Services – Members may use the forums to ask for general recommendations of trainers, barns, shippers, farriers, etc., and other members may answer those requests by suggesting themselves or their company, if their services fulfill the specific criteria of the original post. Members may not solicit other members for business if it is not in response to a direct, genuine query.

Products – While members may ask for general opinions and suggestions on equipment, trailers, trucks, etc., they may not list the specific attributes for which they are in the market, as such posts serve as wanted ads.

Event Announcements – Members may post one notification of an upcoming event that may be of interest to fellow members, if the original poster does not benefit financially from the event. Such threads may not be “bumped” excessively. Premium members may post their own notices in the Event Announcements forum.

Charities/Rescues – Announcements for charitable or fundraising events can only be made for 501(c)(3) tax-exempt organizations. Special exceptions may be made, at the moderators’ discretion and direction, for board-related events or fundraising activities in extraordinary circumstances.

Occasional posts regarding horses available for adoption through IRS-registered horse rescue or placement programs are permitted in the appropriate forums, but these threads may be limited at the discretion of the moderators. Individuals may not advertise or make announcements for horses in need of rescue, placement or adoption unless the horse is available through a recognized rescue or placement agency or government-run entity or the thread fits the criteria for and is located in the Giveaways forum.

5. Do not post copyrighted photographs unless you have purchased that photo and have permission to do so.

6. Respect other members.
As members are often passionate about their beliefs and intentions can easily be misinterpreted in this type of environment, try to explore or resolve the inevitable disagreements that arise in the course of threads calmly and rationally.

If you see a post that you feel violates the rules of the board, please click the “alert” button (exclamation point inside of a triangle) in the bottom left corner of the post, which will alert ONLY the moderators to the post in question. They will then take whatever action, or no action, as deemed appropriate for the situation at their discretion. Do not air grievances regarding other posters or the moderators in the discussion forums.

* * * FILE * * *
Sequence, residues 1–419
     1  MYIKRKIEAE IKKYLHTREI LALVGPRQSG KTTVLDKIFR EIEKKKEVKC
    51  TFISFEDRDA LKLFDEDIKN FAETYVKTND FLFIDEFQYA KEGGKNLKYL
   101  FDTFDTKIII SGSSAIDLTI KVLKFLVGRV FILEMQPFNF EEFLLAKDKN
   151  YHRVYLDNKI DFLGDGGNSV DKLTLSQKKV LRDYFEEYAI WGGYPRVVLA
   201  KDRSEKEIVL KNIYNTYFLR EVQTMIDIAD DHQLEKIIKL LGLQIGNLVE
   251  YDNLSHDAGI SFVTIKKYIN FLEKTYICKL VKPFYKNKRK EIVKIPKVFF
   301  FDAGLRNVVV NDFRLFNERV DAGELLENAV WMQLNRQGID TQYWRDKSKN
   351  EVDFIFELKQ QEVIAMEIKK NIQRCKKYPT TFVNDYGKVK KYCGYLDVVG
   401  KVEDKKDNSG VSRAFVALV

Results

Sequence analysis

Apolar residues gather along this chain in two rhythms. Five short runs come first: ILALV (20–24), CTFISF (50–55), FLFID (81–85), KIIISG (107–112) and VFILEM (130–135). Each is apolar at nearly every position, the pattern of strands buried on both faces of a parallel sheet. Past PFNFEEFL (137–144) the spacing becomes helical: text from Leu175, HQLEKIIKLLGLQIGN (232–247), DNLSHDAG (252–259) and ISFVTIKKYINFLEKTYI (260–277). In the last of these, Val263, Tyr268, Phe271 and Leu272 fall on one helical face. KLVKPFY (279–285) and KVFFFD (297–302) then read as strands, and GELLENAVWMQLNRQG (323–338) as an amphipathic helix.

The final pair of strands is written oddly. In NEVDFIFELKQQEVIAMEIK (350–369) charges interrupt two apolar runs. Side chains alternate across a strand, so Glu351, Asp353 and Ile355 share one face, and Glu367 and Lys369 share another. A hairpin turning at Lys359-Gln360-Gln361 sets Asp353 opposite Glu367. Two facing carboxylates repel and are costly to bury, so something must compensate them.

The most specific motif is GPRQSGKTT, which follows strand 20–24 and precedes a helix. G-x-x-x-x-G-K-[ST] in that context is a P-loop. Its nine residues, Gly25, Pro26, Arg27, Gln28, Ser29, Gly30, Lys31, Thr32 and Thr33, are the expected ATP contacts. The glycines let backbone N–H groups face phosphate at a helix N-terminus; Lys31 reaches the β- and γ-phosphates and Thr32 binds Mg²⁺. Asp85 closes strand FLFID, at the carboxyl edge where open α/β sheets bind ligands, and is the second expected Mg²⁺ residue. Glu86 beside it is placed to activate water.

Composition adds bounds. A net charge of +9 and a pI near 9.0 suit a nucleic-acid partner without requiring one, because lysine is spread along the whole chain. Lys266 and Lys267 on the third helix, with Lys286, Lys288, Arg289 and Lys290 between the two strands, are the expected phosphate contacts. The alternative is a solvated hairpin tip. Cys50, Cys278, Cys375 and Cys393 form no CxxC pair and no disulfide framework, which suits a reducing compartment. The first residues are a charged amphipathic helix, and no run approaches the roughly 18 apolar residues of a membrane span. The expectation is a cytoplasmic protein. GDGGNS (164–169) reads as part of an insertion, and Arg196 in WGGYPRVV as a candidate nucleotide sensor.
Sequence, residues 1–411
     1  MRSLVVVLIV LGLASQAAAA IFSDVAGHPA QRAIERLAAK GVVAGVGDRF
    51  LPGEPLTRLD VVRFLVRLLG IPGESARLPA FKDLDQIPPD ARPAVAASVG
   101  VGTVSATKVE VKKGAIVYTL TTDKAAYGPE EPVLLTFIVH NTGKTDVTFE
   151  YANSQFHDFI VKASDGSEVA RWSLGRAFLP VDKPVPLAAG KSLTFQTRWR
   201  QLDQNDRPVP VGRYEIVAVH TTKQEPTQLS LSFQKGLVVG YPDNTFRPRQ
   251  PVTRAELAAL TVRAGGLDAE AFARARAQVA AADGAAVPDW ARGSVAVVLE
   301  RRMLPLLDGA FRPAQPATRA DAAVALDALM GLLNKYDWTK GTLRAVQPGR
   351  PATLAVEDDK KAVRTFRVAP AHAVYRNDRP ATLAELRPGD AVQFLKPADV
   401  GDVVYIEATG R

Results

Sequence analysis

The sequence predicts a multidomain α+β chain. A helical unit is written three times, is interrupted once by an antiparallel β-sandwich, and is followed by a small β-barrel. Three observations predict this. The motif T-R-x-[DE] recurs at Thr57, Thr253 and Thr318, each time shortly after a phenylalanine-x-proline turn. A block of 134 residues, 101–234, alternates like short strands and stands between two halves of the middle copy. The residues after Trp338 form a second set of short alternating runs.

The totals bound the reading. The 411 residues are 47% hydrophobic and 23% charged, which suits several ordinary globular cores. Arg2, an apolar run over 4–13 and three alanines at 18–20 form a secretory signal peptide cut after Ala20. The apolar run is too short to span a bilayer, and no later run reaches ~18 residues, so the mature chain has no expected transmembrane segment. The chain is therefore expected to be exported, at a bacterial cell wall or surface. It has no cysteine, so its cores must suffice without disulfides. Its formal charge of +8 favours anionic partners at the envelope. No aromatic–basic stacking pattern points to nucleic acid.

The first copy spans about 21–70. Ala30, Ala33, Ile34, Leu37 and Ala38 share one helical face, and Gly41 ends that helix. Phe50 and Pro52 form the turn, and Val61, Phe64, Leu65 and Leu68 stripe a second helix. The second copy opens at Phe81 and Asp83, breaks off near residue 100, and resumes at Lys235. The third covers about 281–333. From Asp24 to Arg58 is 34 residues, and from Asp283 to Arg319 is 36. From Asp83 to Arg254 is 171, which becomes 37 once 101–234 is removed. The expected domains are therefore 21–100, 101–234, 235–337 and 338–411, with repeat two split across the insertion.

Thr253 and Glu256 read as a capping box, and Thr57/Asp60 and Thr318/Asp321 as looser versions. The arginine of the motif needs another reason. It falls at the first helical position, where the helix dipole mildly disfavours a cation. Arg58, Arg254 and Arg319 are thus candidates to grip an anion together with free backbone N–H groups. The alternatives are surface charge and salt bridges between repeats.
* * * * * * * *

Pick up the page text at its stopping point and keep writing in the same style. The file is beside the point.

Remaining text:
Please be advised that adding another user to your “Ignore” list via your User Control Panel can be a useful tactic, which blocks posts and private messages by members whose commentary you’d rather avoid reading.

7. We have the right to reproduce statements made in the forums.
The Chronicle of the Horse may copy, quote, link to or otherwise reproduce posts, or portions of posts, in print or online for advertising or editorial purposes, if attributed to their original authors, and by posting in this forum, you hereby grant to The Chronicle of the Horse a perpetual, non-exclusive license under copyright and other rights, to do so.

8. We reserve the right to enforce and amend the rules.
The moderators may delete, edit, move or close any post or thread at any time, or refrain from doing any of the foregoing, in their discretion, and may suspend or revoke a user’s membership privileges at any time to maintain adherence to the rules and the general spirit of the forum. These rules may be amended at any time to address the current needs of the board.

Please see our full Terms of Service and Privacy Policy for more information.

Thanks for being a part of the COTH forums!

(Revised 1/26/16)
See more
See less

Question about Tennessee Walking Horses

Collapse
X
  • Filter
  • Time
  • Show
Clear All
new posts

  • Question about Tennessee Walking Horses

    I'm looking to buy "one more horse" . Looking at a TWH gelding (I currently own a TWH gelding). I need help regarding this prospective gelding's hind end. When he walks/running walks, his back legs look wobbly, sort of all over the place. I think it looks worst in the hock movement -- they sort of "go out" at the hock. My TWH doesn't go like this. Seller says it's the "older type TWH" (he's got Carbon Copy in his papers) and that's it's normal. I rode this gelding and under saddle he seems to move fine. I will have a PPE prior to purchase, but any ideas about his hind end? Something I should be concerned with later on down the road (he's 11 now)?